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Iontophoresis is a technique which uses an electric current to deliver a medicine or other chemical through the skin. In popular (lay)  terms it is sometimes called "an injection without the needle". In the past it has sometimes been called Electromotive Drug Administration, though in modern therapy, this is a rarely employed term.


This is not a new technique - there is recorded iontophoresis activity way back to the 1700's, though most authorities agree that it was not until the work of Le Duc in the early 1900's that the technique really gained momentum, though its use since that time has been sporadic.


Formally, the modality can be defined thus :  ". . . a non-invasive method of propelling high concentrations of a charged substance, (normally a medication or bioactive agent), transdermally by repulsive electromotive force using a small electrical charge applied to an iontophoretic chamber containing a similarly charged active agent and its vehicle". The term iontophoresis is simply defined as ion transfer (ionto = ion; phoresis = transfer).


Iontophoresis is used in therapy, but is not exclusive to this arena, and there are applications in medicine, dentistry, lab sciences and physiology. A literature search will quickly identify thousands of references, though only a relatively small proportion of them will be directly relevant to therapy type applications. There have been several reviews over the years (see references at the end of this material) which will assist those with an interest in following up on the key literature.


There are relatively few practitioners using iontophoresis in the UK, but in the USA it is a mainstream application. In Europe there are pockets of activity, and strong support from many practitioners. The use of iontophoresis worldwide is patchy - with areas of high use and areas where it is almost never employed.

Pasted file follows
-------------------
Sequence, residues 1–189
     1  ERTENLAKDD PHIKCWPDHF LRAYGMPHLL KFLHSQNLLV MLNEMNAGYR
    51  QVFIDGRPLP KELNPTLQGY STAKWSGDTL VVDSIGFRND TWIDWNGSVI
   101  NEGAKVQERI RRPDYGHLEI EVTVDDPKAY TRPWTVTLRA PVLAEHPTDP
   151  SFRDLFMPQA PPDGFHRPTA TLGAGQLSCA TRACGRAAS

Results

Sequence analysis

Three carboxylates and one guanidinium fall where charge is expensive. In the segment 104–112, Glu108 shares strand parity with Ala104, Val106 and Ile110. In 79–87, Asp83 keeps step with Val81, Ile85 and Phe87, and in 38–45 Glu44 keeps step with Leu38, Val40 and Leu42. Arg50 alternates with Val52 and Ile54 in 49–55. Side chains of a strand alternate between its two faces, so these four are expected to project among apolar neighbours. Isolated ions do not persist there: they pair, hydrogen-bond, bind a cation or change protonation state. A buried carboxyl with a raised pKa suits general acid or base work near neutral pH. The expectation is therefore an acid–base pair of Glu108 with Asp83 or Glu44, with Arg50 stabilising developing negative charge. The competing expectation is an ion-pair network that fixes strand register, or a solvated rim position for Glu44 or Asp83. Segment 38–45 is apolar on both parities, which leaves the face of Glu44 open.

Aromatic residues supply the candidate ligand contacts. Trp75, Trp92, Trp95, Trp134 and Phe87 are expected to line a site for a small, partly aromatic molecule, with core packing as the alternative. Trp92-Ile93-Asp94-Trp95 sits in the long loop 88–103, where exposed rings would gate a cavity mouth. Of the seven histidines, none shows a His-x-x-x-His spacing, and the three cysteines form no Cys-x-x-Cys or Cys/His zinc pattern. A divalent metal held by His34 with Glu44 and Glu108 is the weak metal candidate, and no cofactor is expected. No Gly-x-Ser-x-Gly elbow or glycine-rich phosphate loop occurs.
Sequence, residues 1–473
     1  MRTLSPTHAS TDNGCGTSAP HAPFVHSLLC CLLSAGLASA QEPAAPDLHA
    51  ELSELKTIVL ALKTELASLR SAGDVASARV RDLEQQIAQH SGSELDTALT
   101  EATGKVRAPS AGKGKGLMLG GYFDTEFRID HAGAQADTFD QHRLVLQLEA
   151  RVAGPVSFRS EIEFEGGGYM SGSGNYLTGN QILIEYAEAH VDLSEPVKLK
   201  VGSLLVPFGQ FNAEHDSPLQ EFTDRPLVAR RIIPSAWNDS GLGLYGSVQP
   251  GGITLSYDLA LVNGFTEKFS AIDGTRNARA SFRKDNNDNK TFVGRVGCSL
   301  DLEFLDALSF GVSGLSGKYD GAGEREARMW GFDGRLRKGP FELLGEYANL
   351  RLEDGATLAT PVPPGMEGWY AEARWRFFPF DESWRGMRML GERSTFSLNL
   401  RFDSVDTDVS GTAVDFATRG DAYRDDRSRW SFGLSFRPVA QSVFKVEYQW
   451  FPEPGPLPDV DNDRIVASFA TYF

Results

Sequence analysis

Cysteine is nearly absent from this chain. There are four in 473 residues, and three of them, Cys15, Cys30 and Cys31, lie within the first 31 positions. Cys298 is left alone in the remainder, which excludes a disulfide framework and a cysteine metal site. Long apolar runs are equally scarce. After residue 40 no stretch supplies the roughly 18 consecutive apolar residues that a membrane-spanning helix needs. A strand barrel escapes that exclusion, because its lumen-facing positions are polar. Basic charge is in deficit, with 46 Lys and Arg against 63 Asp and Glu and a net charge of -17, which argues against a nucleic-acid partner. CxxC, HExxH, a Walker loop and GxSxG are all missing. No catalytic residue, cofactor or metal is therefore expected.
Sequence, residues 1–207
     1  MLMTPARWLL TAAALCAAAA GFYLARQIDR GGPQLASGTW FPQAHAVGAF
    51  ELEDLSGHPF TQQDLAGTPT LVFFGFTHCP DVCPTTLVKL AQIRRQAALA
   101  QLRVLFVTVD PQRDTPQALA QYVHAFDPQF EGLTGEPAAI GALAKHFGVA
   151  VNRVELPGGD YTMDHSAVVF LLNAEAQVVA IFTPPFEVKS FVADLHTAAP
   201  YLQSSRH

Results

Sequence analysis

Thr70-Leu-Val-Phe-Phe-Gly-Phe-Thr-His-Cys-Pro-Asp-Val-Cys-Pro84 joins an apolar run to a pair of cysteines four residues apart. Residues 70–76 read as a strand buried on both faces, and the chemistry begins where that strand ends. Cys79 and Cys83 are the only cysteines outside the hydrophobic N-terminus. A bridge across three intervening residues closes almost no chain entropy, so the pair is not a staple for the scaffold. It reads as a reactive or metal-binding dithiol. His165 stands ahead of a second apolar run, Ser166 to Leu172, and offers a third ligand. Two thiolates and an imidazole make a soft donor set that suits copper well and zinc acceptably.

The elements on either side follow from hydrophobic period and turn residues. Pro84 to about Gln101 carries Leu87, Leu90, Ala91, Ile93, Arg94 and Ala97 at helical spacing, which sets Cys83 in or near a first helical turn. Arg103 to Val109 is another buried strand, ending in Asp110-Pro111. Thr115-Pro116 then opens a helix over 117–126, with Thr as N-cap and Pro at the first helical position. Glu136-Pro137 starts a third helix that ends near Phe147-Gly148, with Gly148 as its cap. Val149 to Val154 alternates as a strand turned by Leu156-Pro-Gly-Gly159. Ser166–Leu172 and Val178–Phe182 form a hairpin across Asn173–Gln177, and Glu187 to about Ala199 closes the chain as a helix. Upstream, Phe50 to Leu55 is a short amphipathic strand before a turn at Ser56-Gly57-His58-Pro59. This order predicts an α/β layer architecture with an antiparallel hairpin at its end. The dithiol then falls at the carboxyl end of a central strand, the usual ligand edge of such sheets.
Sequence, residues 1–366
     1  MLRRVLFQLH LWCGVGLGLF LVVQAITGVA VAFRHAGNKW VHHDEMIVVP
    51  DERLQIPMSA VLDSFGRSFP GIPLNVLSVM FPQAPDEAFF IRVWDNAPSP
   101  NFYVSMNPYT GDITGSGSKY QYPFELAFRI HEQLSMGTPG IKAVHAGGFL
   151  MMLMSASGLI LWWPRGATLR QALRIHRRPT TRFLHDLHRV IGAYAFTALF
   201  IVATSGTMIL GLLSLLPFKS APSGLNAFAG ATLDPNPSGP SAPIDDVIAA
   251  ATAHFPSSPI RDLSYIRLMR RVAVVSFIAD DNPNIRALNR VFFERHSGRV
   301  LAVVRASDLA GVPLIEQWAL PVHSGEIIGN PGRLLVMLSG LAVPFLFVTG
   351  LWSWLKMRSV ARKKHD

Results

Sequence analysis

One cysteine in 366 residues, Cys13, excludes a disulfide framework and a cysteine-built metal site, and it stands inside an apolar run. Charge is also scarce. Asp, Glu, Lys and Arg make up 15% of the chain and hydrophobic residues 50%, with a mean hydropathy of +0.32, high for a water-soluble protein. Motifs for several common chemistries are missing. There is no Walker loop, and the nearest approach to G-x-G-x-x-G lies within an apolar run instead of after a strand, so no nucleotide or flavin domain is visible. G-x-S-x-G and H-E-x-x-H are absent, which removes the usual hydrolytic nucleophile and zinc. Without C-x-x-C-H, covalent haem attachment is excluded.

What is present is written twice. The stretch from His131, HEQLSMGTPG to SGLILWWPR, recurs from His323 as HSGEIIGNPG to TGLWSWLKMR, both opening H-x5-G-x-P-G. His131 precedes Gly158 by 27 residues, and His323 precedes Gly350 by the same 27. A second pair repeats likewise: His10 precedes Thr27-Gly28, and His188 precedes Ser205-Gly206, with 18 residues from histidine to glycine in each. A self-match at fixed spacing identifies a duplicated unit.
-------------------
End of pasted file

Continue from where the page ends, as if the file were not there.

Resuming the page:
IONTOPHORESIS is NOT the same as PHONOPHORESIS which involves driving ions across the skin with therapeutic ultrasound

Basic Principles


In order to 'drive' the ions into the tissues, a DIRECT (Galvanic) CURRENT needs to be employed. Some authorities suggest that the current needs to be continuous, though others have argued that so long as the current is monophasic in nature, a pulsed application can be used. Continuous (classic) DC is most commonly used in practice.


Essentially, the substance to be driven into the tissues NEEDS to be IONIC in nature, and MUST be placed under the electrode with the SAME CHARGE (i.e. positively charged ions placed under the positive electrode (ANODE) and the reverse for a negatively charged ion)


Conventionally, the electrode under which the ionic solution is placed is called the ACTIVE electrode (other terms include TREATMENT electrode or DELIVERY electrode). The other electrode, which is used to complete the circuit is most commonly called the DISPERSIVE, INDIFFERENT, INACTIVE or RETURN electrode. For consistency in this document the terms ACTIVE and INDIFFERENT electrodes will be used.

It is assumed that the effects of the treatment are attributed to the delivered ions and not the direct current - though interestingly, this basic premise has not actually been fully established. Given the wealth of evidence in favour of various DC applications, including a recent resurgence of High Voltage Pulsed Current (HVPC) and the developing use of MICROCURRENT based therapies, it would be surprising if the DC current had no effect in its own right.